Visa Helped by Economic Growth

The U.S. economy is performing well amid a low unemployment rate and healthy consumer confidence, Sakhrani conveyed. In addition, he added that U.S. retail spending has stayed strong.

The credit card services industry still has the potential to generate “solid organic growth” as consumers and businesses shift from traditional forms of payment, such as cash and checks, to credit and debit cards, Sakhrani indicated.

Seasoned investment professional Bryan Perry, who is recommending Visa in his Hi-Tech Trader service, told me he likes the stock for a few compelling reasons.

Perry, who also writes the monthly Cash Machine investment newsletter, told me Visa is the biggest card transaction processor that is exposed to the U.S. market, which is aided by a “strong uptrend” in consumer discretionary spending.

“As more Americans move from cash and check transactions to debit and credit transactions, the company enjoys greater scale because of the rapidly rising number of total transactions,” Perry said. “The fees Visa collects are charged as a percentage of each underlying transaction and thus, as prices of goods and services rise, so do its margins per transaction. And Visa has the largest footprint in the migration to mobile payments and e-commerce connecting the most banks and merchants of any payments processor. It’s a juggernaut in its space that deserves the premium it trades at.”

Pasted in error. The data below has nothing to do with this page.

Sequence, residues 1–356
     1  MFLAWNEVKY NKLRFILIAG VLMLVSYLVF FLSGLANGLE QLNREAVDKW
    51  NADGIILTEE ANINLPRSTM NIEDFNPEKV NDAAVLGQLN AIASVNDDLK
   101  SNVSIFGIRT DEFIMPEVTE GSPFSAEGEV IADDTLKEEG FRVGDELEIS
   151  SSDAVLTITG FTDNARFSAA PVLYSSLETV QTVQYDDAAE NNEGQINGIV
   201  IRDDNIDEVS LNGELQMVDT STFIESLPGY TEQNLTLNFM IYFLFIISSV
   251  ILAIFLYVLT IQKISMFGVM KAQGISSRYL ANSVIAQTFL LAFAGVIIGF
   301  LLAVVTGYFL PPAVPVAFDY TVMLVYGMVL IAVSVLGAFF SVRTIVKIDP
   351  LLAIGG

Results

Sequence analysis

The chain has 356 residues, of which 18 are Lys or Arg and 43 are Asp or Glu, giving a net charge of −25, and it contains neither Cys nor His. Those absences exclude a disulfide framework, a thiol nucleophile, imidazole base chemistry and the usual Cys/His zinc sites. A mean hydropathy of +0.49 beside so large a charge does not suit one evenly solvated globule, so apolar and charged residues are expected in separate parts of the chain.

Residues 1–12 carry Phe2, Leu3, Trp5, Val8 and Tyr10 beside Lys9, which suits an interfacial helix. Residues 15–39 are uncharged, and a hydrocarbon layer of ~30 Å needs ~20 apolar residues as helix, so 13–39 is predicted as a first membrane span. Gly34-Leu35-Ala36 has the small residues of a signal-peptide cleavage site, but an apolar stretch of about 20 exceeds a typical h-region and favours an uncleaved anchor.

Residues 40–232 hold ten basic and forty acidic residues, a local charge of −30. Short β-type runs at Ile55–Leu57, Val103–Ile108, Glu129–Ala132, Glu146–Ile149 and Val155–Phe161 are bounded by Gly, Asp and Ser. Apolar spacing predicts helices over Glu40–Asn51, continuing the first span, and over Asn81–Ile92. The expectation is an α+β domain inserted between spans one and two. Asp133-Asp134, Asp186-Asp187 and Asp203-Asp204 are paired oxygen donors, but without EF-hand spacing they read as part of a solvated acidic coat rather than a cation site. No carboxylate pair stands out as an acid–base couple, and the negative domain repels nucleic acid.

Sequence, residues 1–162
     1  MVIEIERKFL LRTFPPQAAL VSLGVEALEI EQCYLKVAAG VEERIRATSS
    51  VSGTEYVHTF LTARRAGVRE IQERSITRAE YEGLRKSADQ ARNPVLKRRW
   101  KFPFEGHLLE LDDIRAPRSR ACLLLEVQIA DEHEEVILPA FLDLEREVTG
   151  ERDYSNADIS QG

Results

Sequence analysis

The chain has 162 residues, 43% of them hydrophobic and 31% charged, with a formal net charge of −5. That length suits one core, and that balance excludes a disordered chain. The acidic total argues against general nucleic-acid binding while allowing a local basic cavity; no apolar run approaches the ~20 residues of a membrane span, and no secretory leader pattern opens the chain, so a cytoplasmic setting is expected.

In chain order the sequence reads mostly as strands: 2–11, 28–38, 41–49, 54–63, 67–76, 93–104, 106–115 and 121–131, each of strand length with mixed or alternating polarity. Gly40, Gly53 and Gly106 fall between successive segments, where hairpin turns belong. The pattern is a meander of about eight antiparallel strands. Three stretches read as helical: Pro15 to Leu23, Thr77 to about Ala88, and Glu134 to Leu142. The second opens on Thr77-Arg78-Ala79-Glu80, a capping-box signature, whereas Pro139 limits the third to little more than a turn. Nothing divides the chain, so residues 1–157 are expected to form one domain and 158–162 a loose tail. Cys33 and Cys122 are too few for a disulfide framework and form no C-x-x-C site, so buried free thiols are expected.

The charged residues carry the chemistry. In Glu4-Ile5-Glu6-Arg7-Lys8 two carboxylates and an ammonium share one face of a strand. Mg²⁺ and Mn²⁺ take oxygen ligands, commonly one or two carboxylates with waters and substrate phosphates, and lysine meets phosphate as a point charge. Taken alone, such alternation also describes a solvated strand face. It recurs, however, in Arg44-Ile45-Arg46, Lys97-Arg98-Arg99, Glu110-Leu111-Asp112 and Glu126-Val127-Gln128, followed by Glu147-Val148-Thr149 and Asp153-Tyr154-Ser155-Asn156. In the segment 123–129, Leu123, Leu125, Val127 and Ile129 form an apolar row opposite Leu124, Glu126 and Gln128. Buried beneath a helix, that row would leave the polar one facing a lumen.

Visa Could Be a Candidate for a LEAP

Another one of Bryan Perry’s services, Instant Income Trader, is uniquely designed to profit from expensive stocks that are close to $200 per share. If Visa’s ascent continues, it could become a prime candidate for this strategy. In that service, Perry recommends long-term equity anticipation securities (LEAPS) call options that he advises subscribers to buy first before they then enter an order to sell a corresponding number of out-of-the-money, very short-term call options on a rising stock.